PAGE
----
WASHINGTON – Muriel Bowser’s national profile had never been higher, thanks to a Twitter beef with President Donald Trump and a renewed push to turn the nation's capital into the 51st state. Now Washington's mayor must pull off a public juggling act as the city budget becomes a battleground for the country's debate on overhauling law enforcement.
An activist collective led by Black Lives Matter is trying to capitalize on shifting public opinion, and the demands include major cuts in funding for the Metropolitan Police Department. The District of Columbia Council had indicated it would push for up to $15 million in cuts, but Bowser is defending her 2021 budget proposal, which includes a 3.3% increase in police money.
With conservatives painting her as a radical riot-supporter, Bowser must thread this needle with both Black Lives Matter and the White House watching her every move. It's a similar dilemma to that faced by other urban mayors of protest hot spots who must balance competing pressures without alienating either the activists or the police. In Los Angeles, Mayor Eric Garcetti has faced criticism for not going far enough on law enforcement changes while the police union has called him “unstable.” In Atlanta, Mayor Keisha Lance Bottoms is dealing with mass police no-shows over her handling of police violence cases.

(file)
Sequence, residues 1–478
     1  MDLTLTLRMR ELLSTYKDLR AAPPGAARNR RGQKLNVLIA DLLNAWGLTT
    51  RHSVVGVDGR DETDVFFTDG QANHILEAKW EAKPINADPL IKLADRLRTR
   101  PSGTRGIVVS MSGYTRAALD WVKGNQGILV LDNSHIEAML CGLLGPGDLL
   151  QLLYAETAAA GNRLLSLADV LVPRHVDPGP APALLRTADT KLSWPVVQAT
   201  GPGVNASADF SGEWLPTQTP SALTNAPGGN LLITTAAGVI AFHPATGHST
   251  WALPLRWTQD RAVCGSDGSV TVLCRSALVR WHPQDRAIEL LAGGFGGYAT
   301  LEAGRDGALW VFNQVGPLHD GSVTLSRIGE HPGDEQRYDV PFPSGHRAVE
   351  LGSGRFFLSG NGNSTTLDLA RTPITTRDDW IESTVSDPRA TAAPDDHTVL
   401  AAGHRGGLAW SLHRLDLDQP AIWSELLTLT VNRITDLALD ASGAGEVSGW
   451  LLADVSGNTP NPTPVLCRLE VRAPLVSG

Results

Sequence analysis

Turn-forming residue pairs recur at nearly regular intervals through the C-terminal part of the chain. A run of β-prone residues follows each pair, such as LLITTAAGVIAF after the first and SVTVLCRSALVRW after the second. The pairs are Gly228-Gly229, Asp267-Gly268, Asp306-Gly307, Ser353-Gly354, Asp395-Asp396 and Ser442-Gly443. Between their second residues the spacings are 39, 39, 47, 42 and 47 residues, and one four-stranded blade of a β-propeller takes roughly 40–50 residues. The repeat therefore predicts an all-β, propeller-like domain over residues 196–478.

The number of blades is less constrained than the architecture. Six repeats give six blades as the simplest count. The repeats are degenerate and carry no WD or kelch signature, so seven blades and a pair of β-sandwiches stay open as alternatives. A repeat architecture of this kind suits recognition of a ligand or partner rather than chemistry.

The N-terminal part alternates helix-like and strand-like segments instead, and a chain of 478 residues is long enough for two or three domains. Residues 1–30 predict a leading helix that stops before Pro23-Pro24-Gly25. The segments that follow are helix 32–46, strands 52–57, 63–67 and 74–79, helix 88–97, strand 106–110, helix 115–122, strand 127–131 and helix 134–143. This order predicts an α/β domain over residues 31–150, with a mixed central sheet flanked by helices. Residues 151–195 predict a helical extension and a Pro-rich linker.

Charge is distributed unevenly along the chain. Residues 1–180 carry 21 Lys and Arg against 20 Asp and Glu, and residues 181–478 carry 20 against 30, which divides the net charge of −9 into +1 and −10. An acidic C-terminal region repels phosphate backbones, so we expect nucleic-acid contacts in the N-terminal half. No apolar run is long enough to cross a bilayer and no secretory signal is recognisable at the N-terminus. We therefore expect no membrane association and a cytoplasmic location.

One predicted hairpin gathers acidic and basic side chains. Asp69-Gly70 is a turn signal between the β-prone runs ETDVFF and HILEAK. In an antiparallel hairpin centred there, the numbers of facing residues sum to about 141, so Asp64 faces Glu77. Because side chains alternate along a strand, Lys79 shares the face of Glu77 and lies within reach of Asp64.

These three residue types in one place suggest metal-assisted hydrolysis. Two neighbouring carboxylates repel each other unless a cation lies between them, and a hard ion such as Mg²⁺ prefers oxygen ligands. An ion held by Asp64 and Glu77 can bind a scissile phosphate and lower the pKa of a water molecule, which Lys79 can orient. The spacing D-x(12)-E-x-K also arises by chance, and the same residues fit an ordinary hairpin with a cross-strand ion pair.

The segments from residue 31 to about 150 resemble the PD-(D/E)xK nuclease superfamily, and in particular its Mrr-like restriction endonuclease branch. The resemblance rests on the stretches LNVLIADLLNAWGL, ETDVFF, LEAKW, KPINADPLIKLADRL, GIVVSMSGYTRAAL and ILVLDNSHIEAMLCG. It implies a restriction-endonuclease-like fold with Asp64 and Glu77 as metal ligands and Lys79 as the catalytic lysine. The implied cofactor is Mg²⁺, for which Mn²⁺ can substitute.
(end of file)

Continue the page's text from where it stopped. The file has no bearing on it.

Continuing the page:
Bowser is also finding herself one of the public faces of Washington's quest to be a state. The House of Representatives on Friday, voting largely along party lines, approved a bill to grant statehood. It was the first time a chamber of Congress had approved such a measure.
But there is insurmountable opposition in the GOP-controlled Senate, where Sen. Tom Cotton, R-Ark., singled out Bowser out on Thursday as a reason that Washington cannot be trusted with statehood. He called her “a left wing politician … who frequently takes the side of rioters against law enforcement.”
Cotton lumped Bowser in with the late Marion Barry, a former mayor who was caught on video smoking crack cocaine in a 1990 FBI sting. Barry, who died in 2014, remains a beloved figure in many parts of the district and he emerged from federal prison to serve additional terms as both a mayor and a councilman. A statue of him was erected in front of the D.C. government administration building in 2018.
“Would you trust Mayor Bowser to keep Washington safe if she were given the powers of a governor? Would you trust Marion Barry,” Cotton asked.
Granting the predominantly Democratic city statehood would likely increase the party's numbers in Congress. And that's what led Trump to tell The New York Post last month that “DC will never be a state.”